"African Red River Hog Exhibit" is found at the entrance of the Nashville Zoo African Savannah. The Red River Hog is also known as a brush pig. This hog is found in the forested areas of central and sub-Saharan Africa. They typically live in herds of 6 to 20 members and led by a dominant boar.
The adults weigh up to 200 pounds and they eat mostly roots and turnips but supplement its diet with whatever it can find. It is mostly nocturnal and a good swimmer. It spends most of its time rooting around in the dirt looking for food.
The "African Elephant Exhibit" is located in the Nashville Zoo African Savannah. African elephants live in many parts of sub-Saharan Africa, although their range is now broken into patches. They can live in many kinds of habitats such as deserts, forests, open grasslands, river valleys and marshes.
They are the second tallest and the heaviest in the animal kingdom. Growing up to 13 foot tall and weighing up to 13,000 pounds. They will eat up to 660 pounds of vegetation and 50 gallons of water. The lifespan of male elephants are 25 years old, and 41 for females.
The African Elephants society is a matriarchal, which means the oldest female leads the clan of usually less than 12. The Elephants don't move around and spend much of their time foraging for food or keeping cool.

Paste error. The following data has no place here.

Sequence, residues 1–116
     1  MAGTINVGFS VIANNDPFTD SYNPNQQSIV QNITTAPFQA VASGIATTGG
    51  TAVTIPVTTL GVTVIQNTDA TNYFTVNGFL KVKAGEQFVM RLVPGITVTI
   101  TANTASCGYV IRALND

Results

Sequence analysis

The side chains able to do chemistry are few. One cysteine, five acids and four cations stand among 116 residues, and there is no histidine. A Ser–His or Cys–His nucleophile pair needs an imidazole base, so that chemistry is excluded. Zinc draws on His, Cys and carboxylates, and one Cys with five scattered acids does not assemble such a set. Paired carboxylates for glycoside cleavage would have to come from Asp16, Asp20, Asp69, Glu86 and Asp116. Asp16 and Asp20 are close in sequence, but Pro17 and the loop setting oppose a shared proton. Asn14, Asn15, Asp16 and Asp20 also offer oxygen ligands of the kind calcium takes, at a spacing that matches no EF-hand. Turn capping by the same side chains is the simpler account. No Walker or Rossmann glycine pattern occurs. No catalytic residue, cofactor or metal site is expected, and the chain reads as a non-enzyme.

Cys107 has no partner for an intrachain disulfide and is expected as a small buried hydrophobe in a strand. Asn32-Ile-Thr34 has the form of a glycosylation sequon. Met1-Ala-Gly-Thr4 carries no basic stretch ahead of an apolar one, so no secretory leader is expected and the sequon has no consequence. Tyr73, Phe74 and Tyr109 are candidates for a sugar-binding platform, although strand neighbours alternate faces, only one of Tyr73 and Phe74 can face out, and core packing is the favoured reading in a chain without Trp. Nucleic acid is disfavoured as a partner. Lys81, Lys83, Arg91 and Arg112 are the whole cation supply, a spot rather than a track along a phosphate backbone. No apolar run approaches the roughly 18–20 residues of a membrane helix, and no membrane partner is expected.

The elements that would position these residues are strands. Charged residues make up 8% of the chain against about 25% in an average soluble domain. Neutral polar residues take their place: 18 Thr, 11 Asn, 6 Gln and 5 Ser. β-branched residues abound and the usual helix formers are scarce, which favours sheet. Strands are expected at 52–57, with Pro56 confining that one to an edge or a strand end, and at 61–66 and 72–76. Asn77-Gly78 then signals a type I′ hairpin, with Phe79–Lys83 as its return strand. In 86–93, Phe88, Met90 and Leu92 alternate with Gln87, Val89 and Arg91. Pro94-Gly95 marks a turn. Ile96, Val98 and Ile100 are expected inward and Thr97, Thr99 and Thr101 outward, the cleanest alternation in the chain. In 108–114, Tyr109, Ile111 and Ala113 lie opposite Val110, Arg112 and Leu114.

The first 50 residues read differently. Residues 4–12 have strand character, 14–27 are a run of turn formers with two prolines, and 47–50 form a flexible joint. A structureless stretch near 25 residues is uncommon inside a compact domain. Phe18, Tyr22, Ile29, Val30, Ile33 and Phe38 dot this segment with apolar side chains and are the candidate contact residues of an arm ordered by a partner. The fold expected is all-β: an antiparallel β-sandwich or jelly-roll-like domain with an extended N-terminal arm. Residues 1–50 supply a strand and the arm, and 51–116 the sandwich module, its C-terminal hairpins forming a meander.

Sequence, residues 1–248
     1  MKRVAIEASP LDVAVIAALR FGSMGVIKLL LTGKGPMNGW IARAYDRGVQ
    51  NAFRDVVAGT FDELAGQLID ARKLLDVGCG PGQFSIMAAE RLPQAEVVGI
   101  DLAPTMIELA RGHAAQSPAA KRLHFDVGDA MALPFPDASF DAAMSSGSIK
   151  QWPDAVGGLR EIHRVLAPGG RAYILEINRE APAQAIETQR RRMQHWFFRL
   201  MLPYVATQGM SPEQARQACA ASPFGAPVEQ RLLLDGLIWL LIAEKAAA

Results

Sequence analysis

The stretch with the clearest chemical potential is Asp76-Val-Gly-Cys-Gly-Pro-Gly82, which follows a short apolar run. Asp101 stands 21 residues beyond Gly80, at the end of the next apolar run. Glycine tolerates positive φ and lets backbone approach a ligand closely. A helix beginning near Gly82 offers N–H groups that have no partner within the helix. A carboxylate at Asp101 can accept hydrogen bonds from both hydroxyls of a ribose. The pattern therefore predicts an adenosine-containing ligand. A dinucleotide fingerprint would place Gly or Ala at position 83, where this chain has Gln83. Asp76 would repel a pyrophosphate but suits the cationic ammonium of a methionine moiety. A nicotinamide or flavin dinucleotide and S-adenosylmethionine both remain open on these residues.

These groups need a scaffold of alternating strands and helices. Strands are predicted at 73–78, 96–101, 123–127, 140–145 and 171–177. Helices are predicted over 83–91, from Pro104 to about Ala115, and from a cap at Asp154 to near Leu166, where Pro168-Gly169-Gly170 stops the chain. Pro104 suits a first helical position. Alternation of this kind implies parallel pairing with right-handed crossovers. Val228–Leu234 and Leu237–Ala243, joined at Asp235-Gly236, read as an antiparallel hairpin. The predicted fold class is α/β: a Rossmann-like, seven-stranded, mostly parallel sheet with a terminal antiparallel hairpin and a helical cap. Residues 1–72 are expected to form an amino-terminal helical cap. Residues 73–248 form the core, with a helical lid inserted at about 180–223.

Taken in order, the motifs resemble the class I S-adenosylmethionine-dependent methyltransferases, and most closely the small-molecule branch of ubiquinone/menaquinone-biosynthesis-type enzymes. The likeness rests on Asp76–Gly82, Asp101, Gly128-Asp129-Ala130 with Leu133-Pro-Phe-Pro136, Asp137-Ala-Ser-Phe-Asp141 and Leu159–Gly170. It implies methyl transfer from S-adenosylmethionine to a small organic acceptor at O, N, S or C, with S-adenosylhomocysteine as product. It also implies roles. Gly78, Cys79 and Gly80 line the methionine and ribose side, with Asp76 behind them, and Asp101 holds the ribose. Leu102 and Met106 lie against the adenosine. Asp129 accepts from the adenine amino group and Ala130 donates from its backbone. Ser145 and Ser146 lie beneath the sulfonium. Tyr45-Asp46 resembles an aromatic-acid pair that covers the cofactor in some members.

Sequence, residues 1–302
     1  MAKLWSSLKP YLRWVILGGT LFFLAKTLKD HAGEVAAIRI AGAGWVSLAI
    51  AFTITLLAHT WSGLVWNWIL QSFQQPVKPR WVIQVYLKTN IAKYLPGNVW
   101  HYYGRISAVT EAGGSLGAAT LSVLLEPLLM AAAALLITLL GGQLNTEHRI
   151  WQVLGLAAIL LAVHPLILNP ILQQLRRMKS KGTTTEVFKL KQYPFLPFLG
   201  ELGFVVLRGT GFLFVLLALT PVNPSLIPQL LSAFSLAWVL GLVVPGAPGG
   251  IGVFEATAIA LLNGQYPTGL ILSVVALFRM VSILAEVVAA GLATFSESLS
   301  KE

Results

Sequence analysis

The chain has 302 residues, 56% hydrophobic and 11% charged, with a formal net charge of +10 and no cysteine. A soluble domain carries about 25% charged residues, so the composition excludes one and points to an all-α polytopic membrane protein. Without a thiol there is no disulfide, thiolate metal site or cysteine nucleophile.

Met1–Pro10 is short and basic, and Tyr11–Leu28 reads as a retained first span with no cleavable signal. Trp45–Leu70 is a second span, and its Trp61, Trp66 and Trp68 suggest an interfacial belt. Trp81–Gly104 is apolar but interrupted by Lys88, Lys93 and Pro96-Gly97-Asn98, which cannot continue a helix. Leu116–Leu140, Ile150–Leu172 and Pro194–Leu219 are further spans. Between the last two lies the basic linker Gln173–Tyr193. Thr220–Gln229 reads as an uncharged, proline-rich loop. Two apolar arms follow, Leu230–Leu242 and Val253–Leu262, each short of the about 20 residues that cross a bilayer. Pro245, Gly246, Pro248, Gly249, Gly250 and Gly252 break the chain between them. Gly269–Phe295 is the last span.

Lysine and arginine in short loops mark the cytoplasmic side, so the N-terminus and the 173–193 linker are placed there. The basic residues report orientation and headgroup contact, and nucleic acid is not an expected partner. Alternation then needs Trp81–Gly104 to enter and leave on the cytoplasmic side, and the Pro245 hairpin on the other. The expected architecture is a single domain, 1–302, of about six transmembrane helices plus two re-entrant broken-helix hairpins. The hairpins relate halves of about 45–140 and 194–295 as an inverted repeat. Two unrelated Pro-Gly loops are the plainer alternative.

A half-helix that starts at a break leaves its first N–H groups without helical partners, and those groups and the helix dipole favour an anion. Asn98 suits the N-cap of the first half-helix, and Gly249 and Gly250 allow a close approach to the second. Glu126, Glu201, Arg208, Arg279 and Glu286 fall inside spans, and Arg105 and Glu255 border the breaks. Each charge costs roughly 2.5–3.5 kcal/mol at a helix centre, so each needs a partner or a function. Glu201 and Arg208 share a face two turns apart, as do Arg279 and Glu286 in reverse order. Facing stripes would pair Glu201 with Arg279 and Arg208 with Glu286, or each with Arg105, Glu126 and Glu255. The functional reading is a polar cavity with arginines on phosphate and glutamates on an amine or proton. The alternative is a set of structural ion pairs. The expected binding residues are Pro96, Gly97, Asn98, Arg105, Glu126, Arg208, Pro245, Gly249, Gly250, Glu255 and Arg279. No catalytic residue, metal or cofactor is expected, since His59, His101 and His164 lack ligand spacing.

The "African Giraffe Exhibit" is located in the farthest part of the Nashville Zoo African Savannah. These giraffes are Masai Giraffes and are the largest sub-species of giraffe. They are the tallest land mammal where the males grow to a height of 18 feet and weigh as much as 4200 pounds. They can run up to 35 mph and live to be 30 years old.
They spend most of their time foraging and keeping cool. They also have to keep a look out for predators. Most of the Giraffe young die in the first year of life due to predators. Predators don't have it easy hunting giraffe because their hooves are sharp enough to stab predators such as hyenas or lions. The kick can crush the skulls of lions or shatter their spine.
"Critter Encounters" is a fenced in interactive exhibit where you can pet a variety of tame animals. It was created at the Nashville Zoo by Franklin Industries and Tennessee's BEST college savings programs for the children.
There are some African pygmy goats that love to be petted. Some of the larger goats will take papers out of your hands so hide them in your pockets. Once an animal has had enough petting they escape to an animal only area.
After you have made it half way through the Nashville Zoo, something to eat or drink might sound good. "Snake Bites" Snack Stand has a variety of food and drinks such as hot dogs, large pretzels, and popcorn just to name a few.
There are shaded tables nearby to eat at and a condiment table.
It is a nice place to watch the other visitors in the park and catch a
cool breeze from the shade of the trees or the umbrellas of the tables.
To get more Nashville Zoo Information about the Schedule of Events, the Zoo itself and even becoming a Member.
The location of the Zoo is 6 miles south of Nashville at 3777 Nolensville Road, Nashville, TN 37211